Congressman Eric Swalwell says he's dropping out of 2020 presidential race

DUBLIN, Calif. (KGO) -- Bay Area congressman Eric Swalwell became the first 2020 presidential hopeful to call it quits. He said he will not turn his focus to his congressional reelection campaign.

"Today ends our presidential campaign," Swalwell said from his campaign headquarters in Dublin, Calif., "But it is the beginning of an opportunity in Congress with a new perspective shaped by the lives that have touched mine and the campaign through these last three months to bring that promise of America to all Americans."

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Swalwell said he saw the writing on the wall following the most recent Democratic presidential primary debate. His fundraising and poll numbers were low and there were questions whether he would even qualify for the upcoming presidential debate.

"We wanted to be honest with ourselves and with our supporters," Swalwell explained when asked why he backed out. "If there was a viable chance, we would not be standing here today."



The three-term congressman made gun reform the central focus of his presidential campaign, an issue he says he will continue to fight for as he turns his attention to his congressional reelection bid.

Without Swalwell, there are now 23 Democratic candidates in the race. But there is still one new face that could emerge.

Bay Area billionaire Tom Steyer is reportedly considering jumping into the race, despite shutting down the idea in January.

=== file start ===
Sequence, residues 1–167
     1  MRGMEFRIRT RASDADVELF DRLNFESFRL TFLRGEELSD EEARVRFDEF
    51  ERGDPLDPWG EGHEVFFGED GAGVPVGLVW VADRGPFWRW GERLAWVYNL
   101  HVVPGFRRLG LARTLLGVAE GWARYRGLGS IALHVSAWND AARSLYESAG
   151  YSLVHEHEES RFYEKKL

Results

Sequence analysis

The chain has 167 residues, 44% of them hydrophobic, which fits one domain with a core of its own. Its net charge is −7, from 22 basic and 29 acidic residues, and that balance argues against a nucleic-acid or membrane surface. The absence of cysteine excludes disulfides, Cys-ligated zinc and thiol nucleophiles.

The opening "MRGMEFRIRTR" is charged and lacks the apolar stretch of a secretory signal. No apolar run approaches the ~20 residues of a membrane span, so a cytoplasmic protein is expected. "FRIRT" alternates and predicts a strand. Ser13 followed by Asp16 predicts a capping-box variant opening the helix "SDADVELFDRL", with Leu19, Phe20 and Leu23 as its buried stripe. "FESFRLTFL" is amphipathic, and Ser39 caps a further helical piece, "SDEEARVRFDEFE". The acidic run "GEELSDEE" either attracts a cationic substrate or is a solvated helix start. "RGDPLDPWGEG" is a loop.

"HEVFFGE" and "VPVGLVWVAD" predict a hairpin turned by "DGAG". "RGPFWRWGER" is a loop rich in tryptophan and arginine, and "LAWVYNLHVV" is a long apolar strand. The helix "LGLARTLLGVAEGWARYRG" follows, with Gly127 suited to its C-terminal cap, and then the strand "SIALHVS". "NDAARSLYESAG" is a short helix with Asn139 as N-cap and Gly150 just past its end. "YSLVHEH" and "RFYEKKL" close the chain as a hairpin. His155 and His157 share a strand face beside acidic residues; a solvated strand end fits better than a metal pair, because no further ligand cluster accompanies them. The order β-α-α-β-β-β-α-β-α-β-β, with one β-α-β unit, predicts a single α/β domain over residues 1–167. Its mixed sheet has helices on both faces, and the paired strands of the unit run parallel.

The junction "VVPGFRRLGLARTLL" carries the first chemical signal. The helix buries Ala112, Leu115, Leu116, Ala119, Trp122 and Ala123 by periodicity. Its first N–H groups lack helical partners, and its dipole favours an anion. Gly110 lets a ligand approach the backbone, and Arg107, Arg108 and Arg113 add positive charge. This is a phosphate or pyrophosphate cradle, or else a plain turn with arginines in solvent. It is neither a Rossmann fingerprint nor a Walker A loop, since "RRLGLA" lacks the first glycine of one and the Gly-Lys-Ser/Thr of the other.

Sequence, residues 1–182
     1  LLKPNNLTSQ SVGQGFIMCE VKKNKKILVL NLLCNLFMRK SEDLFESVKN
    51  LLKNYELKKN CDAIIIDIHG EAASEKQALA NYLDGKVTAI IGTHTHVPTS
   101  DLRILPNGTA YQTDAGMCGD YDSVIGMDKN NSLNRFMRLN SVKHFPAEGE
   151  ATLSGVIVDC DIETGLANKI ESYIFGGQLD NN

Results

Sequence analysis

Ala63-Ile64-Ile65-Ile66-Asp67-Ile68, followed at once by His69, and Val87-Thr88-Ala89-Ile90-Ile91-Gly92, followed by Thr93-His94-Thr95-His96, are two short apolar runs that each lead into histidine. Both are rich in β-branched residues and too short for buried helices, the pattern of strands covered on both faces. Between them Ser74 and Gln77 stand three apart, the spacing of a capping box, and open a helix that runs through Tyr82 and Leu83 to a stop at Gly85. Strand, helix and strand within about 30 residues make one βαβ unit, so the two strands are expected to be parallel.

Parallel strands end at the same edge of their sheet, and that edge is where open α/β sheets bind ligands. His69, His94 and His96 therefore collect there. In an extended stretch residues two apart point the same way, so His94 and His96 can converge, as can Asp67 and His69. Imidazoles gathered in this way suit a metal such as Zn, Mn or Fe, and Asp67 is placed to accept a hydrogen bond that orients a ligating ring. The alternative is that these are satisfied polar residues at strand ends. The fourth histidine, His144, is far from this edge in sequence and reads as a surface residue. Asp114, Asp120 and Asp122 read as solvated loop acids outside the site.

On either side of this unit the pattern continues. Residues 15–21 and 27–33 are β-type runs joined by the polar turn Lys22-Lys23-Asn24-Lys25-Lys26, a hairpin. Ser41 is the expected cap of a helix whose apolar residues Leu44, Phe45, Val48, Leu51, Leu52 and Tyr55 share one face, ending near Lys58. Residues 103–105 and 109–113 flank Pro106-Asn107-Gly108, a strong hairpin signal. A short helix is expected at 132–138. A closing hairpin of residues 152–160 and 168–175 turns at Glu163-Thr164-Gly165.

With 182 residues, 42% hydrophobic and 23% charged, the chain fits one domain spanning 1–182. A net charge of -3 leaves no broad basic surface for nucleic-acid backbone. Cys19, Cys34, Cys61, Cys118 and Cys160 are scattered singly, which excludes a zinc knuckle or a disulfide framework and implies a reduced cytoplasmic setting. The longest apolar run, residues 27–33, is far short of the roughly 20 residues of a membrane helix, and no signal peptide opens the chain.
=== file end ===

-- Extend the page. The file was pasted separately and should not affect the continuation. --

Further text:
Swalwell said he has not decided which candidate he plans to endorse, but said whoever becomes the Democratic nominee will need to be "tested" and able to stand up to President Trump, who he described as "the best political puncher ever in American politics."



Read his full statement below:

"I ran for President to win and make a difference in our great country - a difference on issues of the future such as finding cures for our deadliest and most debilitating diseases, taking on the student loan debt crisis, and ending gun violence. I promised my family, constituents, and supporters that I would always be honest about our chances. After the first Democratic presidential debate, our polling and fundraising numbers weren't what we had hoped for, and I no longer see a path forward to the nomination. My presidential campaign ends today," Swalwell said. "But this also is the start of a new passage for the issues on which our campaign ran. I entered this race determined to elevate the issue of gun violence, and at the debate, three top-tier candidates embraced my idea to ban and buy back every single assault weapon in America. Putting this idea and this larger issue of gun violence front and center in the Democratic policy discussion is an accomplishment, dedicated to the students, moms, and other activists who tirelessly demand action to save American lives."

"I thank my supporters and friends, my staff, and my family for making this journey possible. I'll never forget the people I met and lessons I learned while travelling around our great nation - especially in the communities most affected by gun violence," Swalwell continued. "Too many communities feel this pain. But in every community's grief, I see people who love one another and have inside themselves the grit to get things done to end gun violence once and for all. I will take those lessons back to Congress, serving my friends and neighbors in California's 15th District while using my seats on the House Intelligence and Judiciary committees to make our nation safer and uphold the rule of law for all Americans."
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